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  1. Event organisers to pay royalty to use copyrighted songs, rules Delhi High Court

Event organisers to pay royalty to use copyrighted songs, rules Delhi High Court

Any event organiser, if using copyrighted music or songs in a party, would have to inform the copyright societies which will issue an invoice for payment of royalty along with proof of their rights as per an interim arrangement arrived at in the Delhi High Court between a firm and three such societies.

By: | New Delhi | Updated: January 3, 2017 6:02 PM
Delhi High Court, coaching centres, Chief Justice G. Rohini, Justice Sangita Dhingra Sehgal, Delhi Municipal Corporation, Ministry of Urban Development, DDA, Delhi Jal Board, Deputy Commissioner, North Delhi Power Ltd, PIL,  While asking PPL, IPRS and Novex to upload the copyright assignment deeds on their websites, the court also asked them to put up a search option on their sites to identify an owner of a copyright.(Reuters)

Any event organiser, if using copyrighted music or songs in a party, would have to inform the copyright societies which will issue an invoice for payment of royalty along with proof of their rights as per an interim arrangement arrived at in the Delhi High Court between a firm and three such societies.

Under the arrangement, anyone who is going to hold an event will inform the three societies — Indian Performing Right Society (IPRS), Phonographic Performance Ltd (PPL) and Novex Communications Pvt Ltd — about the copyrighted work to be used and one of these three, which holds the rights, shall issue an invoice for royalty along with proof of ownership of the copyright.

The event organiser would have to pay the royalty prior to holding the event, Justice Najmi Waziri noted in his order in which he also directed the respondent societies to “upload on their respective websites the (copyright) assignment deeds along with the list of songs pertaining to such assignment deed”.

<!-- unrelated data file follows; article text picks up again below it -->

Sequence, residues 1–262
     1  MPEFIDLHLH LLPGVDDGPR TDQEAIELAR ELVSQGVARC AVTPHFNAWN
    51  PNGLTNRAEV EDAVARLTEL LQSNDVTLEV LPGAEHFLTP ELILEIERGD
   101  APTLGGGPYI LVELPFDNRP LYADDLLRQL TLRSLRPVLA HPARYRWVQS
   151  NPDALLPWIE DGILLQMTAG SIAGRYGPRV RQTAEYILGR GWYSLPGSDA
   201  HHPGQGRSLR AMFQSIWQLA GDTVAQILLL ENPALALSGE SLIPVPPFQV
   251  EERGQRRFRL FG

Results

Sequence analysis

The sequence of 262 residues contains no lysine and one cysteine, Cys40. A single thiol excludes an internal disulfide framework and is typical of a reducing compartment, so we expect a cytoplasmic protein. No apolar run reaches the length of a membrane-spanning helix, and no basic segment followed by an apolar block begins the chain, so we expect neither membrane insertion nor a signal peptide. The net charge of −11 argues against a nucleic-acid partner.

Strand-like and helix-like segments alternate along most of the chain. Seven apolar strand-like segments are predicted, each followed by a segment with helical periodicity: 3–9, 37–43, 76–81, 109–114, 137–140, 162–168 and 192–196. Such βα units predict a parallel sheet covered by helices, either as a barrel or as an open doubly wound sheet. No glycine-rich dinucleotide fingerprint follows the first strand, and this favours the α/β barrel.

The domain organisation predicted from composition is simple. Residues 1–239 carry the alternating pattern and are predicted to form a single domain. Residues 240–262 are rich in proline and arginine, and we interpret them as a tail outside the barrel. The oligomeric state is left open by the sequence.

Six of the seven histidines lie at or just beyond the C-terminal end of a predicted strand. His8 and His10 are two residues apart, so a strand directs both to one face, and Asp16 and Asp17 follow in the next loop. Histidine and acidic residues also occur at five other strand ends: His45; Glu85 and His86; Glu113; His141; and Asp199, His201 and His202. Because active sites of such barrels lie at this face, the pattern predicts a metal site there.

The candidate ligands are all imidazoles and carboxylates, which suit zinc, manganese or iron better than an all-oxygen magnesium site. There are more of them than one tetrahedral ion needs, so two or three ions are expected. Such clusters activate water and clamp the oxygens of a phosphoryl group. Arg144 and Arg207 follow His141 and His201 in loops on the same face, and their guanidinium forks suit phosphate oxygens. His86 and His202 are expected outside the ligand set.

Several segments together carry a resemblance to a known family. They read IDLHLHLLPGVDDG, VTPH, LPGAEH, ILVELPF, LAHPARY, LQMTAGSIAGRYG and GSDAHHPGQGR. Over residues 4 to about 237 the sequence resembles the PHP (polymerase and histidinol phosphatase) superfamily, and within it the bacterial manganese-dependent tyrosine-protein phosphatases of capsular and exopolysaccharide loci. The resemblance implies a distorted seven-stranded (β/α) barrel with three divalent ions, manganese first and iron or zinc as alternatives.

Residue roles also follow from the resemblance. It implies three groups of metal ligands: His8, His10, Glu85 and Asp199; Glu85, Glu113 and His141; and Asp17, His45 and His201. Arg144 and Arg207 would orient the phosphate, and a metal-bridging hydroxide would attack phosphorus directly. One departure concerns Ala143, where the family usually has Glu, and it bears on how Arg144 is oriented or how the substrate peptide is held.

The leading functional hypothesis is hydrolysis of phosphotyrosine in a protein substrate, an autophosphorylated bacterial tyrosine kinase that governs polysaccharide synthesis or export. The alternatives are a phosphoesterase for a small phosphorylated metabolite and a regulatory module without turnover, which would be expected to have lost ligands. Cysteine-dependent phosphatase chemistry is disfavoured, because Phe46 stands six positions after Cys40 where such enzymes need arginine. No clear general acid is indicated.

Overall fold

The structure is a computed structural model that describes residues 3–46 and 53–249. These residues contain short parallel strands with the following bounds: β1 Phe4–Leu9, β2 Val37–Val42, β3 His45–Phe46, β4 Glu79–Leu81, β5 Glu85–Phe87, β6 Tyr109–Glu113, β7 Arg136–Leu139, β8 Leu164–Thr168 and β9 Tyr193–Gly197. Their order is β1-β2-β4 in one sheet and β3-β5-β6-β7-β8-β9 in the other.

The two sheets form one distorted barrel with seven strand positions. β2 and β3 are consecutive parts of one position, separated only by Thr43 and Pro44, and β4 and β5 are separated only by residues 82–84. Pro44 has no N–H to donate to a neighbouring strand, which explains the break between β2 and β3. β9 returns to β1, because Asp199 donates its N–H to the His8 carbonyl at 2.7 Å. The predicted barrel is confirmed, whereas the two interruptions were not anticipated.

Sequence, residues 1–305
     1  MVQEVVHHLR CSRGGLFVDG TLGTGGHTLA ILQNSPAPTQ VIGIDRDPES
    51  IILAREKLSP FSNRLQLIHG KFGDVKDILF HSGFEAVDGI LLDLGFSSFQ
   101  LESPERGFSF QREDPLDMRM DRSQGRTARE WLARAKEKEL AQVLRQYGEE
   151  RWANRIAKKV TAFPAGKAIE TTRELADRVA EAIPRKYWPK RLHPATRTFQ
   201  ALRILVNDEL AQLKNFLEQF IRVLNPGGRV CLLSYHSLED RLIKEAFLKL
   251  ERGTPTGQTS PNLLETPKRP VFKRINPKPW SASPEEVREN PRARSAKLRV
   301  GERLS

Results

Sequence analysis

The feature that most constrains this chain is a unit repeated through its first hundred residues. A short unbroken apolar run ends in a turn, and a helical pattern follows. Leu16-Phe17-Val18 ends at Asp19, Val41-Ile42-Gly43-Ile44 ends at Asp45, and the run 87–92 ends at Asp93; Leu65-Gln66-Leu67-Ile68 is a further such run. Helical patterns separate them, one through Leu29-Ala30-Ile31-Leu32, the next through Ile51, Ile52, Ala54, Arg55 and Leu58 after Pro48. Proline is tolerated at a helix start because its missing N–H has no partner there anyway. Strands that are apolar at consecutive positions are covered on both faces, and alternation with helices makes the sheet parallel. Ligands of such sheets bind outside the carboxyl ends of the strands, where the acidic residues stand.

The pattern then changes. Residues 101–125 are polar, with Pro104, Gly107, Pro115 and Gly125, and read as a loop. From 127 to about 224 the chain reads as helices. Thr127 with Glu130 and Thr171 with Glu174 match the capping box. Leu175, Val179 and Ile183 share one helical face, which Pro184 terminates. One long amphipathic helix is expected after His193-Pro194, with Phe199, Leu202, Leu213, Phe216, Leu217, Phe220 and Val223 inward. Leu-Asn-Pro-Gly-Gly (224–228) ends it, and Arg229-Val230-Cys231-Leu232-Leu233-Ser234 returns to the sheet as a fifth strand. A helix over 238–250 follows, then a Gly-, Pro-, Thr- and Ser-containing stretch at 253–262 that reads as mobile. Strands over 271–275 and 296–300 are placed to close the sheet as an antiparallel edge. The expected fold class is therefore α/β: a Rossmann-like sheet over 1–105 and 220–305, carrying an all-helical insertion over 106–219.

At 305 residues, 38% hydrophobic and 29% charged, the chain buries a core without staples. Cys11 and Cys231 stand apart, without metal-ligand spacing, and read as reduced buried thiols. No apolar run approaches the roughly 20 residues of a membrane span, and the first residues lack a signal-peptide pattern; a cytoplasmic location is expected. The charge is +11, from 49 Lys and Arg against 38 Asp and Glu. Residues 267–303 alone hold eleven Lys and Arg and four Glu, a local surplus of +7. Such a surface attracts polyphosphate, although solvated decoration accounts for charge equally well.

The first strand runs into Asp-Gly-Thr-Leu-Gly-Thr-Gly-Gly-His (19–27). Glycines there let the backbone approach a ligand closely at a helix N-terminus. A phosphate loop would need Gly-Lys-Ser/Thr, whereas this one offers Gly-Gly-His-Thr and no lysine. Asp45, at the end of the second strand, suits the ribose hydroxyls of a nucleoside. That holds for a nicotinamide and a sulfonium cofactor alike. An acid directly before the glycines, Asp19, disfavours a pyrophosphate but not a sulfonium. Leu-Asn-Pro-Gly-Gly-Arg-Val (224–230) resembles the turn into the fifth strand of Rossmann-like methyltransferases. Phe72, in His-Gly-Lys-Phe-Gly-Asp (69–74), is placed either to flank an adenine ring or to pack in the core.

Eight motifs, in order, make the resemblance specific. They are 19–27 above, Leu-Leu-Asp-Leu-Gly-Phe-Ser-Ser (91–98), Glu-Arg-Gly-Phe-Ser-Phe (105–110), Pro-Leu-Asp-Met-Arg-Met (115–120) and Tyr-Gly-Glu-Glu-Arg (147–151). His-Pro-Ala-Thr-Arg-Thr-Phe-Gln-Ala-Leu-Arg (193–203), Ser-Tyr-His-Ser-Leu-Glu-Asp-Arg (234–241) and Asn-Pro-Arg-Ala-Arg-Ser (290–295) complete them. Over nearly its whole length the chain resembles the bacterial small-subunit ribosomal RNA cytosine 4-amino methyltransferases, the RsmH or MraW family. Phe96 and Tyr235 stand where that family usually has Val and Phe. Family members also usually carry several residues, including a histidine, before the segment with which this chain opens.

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The order came after the societies claimed that they “are legitimate assignees of copyrighted works or are otherwise duly authorised agents of copyright owners” and sought to enforce their rights under section 18 (assignment of copyright) and 30 (licences by owners of copyright) of the Copyright Act.

They argued before the court that as long as the owner of a copyright exercises its rights under section 18 and section 30 read with section 19 (mode of assignment of copyright) of the Act, “there is no bar on the copyright owner or his agent or an assignee from monetising the copyrighted works”.

The court was hearing an application moved by the three societies against its December 23, 2016 decision restraining them from granting any licence, as a copyright society under section 33 of the Act, to play music and songs of various artistes in public.

The December 23, 2016 order had come on a plea by Event and Entertainment Management Association (EEMA) which has claimed that registration of IPRS and PPL expired in 2013 and Novex was never registered, and only registered societies can issue licences for playing music in public.

During arguments on the application moved by the three societies, EEMA agreed with their contention that they can charge royalty as owners or assignees of the copyright but only after showing the relevant documents to substantiate their rights.

While asking PPL, IPRS and Novex to upload the copyright assignment deeds on their websites, the court also asked them to put up a search option on their sites to identify an owner of a copyright.

It also asked the three to explore the possibility of accepting payments through internet payment gateways and to put in place the requisite system for this in four weeks.

With these directions, the court listed the matter for further hearing on April 24. On the last date of hearing, the Centre and the Copyright Office had submitted that they have received complaints that PPL and IPRS were violating the Act and they had initiated an enquiry.

They had also said a notice has been put up on the website of the Department of Industrial Policy and Promotion to inform the public that IPRS and PPL are no longer registered as copyright societies.

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